Sacramento, CA 95825
I return to Lumberjacks with great apprehension. It has nothing to do with the Lumberjacks motto: “Where the big boys eat.”
The larger-than-life, ever-so-plastic lumberjack in blue jeans and red plaid shirt caught in mid-stride with his ax jauntily placed over his shoulder in the parking lot’s corner is a little creepy, but it’s not the source of the reluctance. Nor does it come from the bountiful-beamed interior, composed of a river’s worth of river rock and a forest of knotty pine paneling, which resembles Country Bear Jamboree or an eatery in nearby Frontierland. It’s not the green upholstery—it’s gotta be green, right?—of the booths and the rough-hewn barstools. Nor is the cause of my reluctance the apparent round-the-clock, flat-screen airing of Stihl Timbersports competitions, featuring burly Big Boys tossing axes and hewing trees while women scamper along precarious rows of floating logs.
The sole source of the reluctance is a powerful fear the second meal will be as unappealing as the first. Denny’s seems like Biba’s in comparison.
It’s the food, not the service. Much to my great enjoyment, I am hun’d, honey’d and sweetie’d mercilessly by the hardworking, overtaxed but still buoyant Carrie. She adds an occasional “boss” on the second visit.
Whatever future we have, dollface, for the record, I’d rather be “sweetie.” A “darlin’” or two maybe.
She lifts my coat from the other side of the booth and hangs it up. She speaks of the challenge and fun of a writing course in which she is enrolled. As to Lumberjacks’ culinary challenges, Carrie is blameless. She merely transports the offending vittles from the kitchen to the victim.
The victimizer in this instance is the “Chain Saw” sandwich. Roast beast, cheddar cheese, mushrooms, tomatoes, sautéed onions, peppers, bacon and Thousand Island dressing on grilled sourdough. Lumberjacks. Chain Saw. Seemed the right thing to do. Couldn’t be wronger.
The bottom sourdough slice is severely mushy—when the sandwich first arrives. This stems largely from roast-beast grease. Two close-encounters-of-the-worst-kind with gristle ensue. The combination, which seemed creative, almost visionary, on the menu doesn’t jell in practice, even drowned with extra Thousand Island. Subsequent gastric unrest occurs. Carrie recommends cottage cheese.
The other sandwich accompaniment options are coleslaw, potato salad, fries or fruit. Sweetie stupidly ignores Carrie’s sagacity and selects slaw. It’s prefab. The Colonel’s is superior.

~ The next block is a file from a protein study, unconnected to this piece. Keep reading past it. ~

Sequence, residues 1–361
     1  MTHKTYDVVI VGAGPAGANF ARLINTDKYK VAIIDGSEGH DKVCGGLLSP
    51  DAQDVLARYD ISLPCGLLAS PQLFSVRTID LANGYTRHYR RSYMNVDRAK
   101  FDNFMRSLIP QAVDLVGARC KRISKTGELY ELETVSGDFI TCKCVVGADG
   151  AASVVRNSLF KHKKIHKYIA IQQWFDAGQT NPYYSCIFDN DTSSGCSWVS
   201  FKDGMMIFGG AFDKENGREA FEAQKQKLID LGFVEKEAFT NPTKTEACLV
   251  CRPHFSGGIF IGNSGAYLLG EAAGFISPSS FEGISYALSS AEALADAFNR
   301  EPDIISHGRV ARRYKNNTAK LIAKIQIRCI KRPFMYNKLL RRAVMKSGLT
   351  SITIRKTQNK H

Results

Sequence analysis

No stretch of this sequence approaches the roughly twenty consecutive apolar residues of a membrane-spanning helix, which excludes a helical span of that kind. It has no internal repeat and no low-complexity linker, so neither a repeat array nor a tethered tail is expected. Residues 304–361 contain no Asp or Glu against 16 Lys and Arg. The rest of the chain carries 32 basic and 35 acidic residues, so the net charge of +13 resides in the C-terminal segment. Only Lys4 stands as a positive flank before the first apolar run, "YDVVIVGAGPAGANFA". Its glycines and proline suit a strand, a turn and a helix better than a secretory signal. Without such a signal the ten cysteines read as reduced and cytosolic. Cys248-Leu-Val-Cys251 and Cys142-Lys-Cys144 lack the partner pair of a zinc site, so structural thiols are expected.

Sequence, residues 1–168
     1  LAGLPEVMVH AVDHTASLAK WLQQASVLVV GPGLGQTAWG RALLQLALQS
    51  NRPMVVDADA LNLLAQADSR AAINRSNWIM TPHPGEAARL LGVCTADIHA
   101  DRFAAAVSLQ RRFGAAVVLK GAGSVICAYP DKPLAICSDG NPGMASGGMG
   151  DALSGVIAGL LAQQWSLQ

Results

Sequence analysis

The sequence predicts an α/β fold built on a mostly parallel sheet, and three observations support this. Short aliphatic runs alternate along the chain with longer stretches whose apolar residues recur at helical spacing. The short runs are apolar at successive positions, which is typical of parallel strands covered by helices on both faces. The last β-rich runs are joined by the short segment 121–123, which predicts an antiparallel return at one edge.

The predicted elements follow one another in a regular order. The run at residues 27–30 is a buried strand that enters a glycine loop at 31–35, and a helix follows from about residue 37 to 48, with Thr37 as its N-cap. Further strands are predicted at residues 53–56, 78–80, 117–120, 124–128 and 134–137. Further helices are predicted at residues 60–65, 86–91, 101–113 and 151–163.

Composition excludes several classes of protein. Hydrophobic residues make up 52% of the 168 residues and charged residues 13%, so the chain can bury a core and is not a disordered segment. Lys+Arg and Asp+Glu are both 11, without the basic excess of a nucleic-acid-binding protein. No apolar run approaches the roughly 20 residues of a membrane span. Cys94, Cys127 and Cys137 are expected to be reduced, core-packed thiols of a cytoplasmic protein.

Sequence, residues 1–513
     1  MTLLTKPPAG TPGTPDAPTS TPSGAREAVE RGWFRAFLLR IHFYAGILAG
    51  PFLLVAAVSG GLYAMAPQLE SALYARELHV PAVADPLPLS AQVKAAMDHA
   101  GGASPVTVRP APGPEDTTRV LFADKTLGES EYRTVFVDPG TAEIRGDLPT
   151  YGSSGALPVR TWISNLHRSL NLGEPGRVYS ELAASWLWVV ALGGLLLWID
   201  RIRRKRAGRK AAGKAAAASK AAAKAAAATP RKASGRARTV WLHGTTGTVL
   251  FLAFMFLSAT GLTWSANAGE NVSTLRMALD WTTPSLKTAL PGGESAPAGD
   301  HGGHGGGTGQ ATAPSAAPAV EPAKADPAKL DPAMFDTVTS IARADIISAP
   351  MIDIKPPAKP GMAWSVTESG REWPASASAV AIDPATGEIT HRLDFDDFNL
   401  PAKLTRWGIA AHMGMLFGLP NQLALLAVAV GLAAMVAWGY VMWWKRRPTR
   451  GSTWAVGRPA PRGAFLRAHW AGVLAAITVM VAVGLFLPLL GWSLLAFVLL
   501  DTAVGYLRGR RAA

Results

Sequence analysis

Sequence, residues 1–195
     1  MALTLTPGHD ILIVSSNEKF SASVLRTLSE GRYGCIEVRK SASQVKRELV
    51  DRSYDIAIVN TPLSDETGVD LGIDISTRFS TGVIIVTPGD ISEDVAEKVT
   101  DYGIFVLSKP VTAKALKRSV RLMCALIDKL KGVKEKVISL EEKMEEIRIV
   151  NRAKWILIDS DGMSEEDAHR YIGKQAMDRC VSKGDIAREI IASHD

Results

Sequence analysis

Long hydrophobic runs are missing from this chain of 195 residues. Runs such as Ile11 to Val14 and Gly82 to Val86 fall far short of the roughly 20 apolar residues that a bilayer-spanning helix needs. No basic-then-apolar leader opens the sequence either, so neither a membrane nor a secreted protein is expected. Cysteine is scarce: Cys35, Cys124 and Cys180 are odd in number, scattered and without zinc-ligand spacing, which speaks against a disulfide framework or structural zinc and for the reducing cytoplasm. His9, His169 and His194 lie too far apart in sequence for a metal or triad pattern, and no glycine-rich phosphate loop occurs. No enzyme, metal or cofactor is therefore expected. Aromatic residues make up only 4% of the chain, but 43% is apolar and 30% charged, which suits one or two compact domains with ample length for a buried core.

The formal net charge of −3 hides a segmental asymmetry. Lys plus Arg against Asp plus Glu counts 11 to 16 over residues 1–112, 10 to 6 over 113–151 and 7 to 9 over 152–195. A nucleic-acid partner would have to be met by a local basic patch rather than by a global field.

But it says right there on page one of the restaurant reviewer ethics guide that, damn it, more than one visit is essential in case the first is aberrant or, in this case, abhorrent.
Being seated in a different part of Lumberjacks on the second visit reveals mecca: a well-provisioned salad bar. Beets, broccoli, crisp mixed greens, red onions, carrots, celery, sunflower seeds, halved mini corncobs, croutons, bacon bits, three bean salad. Hallelujah and pass the Italian dressing, hun.
Carrie touts the tortilla soup. It’s busy—corn, black beans and carrots predominate—and it’s not near as tomatoey as the homemade tortilla soup that warms the cockles of the Lucas clan.
But the soup’s demerits are more than offset by the sourdough burger. The bottom slice isn’t soggy, despite a layer of sautéed mushrooms, onions and bacon. The two patties are grilled to medium—just as requested. Is it Burgers and Brew? Nah, but it’s a major move up the food chain from the Chain Saw.
Bountiful breakfasts abound. There’s a healthy—excuse me—hefty contingent of what are euphemistically called seniors at other booths. Lured, no doubt, by the Filene’s Basement priced sandwiches for the 55-and-older set, as well as the nine $8.99 dinner entrees.
Hard to visualize a run on the liver and onions, even with a trip to the salad bar and mashed or baked potatoes or pilaf or vegetables thrown into the deal. In short, the endearing Carrie and the more-better second visit raise the bar from must-be-somewhere-worse to flawed with moments.